- Review contracts closely to ensure you are limiting liability and transferring risk when possible.
Potential Immunities – Understand and Review The Prep Act & The CARES Act
The PREP Act (Public Readiness and Emergency Preparedness Act) may provide some immunity to companies involved in the manufacturing or distribution of COVID-19 countermeasures.
The CARES Act (Coronavirus Aid, Relief, and Economic Security Act) expanded the definition in Section 3103 by adding respirators and masks to the definition of “covered countermeasure” under the PREP Act.
Companies should carefully review the language of these Acts with legal counsel to understand how and when immunity will be applicable. Additionally, they should pay close attention to what certifications and approvals are required to qualify for protection under the Acts .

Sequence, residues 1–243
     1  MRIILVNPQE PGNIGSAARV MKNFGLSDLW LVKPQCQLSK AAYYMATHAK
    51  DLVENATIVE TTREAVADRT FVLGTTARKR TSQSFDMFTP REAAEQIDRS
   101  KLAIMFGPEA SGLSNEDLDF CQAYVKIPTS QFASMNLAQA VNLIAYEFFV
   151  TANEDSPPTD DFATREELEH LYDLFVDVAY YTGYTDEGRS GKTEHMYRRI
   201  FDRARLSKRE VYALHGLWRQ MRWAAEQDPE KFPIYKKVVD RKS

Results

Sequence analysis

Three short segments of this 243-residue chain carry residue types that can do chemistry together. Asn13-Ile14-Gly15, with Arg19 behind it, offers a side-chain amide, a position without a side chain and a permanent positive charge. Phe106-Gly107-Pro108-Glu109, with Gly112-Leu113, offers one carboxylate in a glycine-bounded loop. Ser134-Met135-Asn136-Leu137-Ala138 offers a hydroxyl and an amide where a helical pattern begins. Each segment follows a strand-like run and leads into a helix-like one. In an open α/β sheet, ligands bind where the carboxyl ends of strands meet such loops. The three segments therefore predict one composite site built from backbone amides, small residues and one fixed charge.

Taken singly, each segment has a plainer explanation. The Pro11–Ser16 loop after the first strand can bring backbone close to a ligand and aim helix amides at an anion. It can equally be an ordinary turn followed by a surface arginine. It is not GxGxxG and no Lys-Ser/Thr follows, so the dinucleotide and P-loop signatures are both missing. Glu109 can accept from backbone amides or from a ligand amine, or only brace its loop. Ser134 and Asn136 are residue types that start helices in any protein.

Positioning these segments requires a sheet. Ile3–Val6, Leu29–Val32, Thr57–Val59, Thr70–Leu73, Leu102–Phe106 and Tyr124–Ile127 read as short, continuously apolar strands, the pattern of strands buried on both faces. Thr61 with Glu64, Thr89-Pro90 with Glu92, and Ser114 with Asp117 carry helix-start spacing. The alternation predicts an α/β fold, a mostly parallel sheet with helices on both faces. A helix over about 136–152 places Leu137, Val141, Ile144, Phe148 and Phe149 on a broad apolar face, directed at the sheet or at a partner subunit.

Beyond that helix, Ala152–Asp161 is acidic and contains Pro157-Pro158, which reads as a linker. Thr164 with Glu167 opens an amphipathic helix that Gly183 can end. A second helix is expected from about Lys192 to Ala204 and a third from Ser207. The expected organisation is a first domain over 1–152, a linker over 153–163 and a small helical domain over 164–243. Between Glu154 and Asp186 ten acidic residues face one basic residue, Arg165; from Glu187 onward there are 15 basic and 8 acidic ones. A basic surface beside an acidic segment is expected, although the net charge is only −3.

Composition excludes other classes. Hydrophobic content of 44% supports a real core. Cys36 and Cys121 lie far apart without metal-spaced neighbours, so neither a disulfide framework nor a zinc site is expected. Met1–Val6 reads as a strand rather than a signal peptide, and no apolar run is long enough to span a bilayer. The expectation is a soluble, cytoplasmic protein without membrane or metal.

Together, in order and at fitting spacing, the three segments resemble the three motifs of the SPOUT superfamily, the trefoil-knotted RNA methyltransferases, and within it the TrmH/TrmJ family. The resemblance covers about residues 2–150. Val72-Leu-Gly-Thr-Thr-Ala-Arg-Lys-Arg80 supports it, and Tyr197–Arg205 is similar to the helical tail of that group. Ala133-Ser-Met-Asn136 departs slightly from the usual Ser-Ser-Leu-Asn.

What conversations should we be having with our risk partners?
The potential for unforeseen risks is high in today’s environment with immense pressures and condensed timetables. As a result of supply chain issues created by COVID-19, some manufacturers are presented with new opportunities, but at what cost?
Material Change in Risk
Manufacturers & Distributors should prepare for the possibility of increased underwriting scrutiny. Materially modifying production and assembly lines to provide desperately needed PPE products could change risk considerations and impact an organization’s insurability.
Proper Disclosure to Your Insurance Provider
Insurance policies outline terms and conditions of coverage, including what responsibilities the policyholder must comply with in order to maintain coverage. These conditions include notification requirements, including timeliness, of any material change in operations.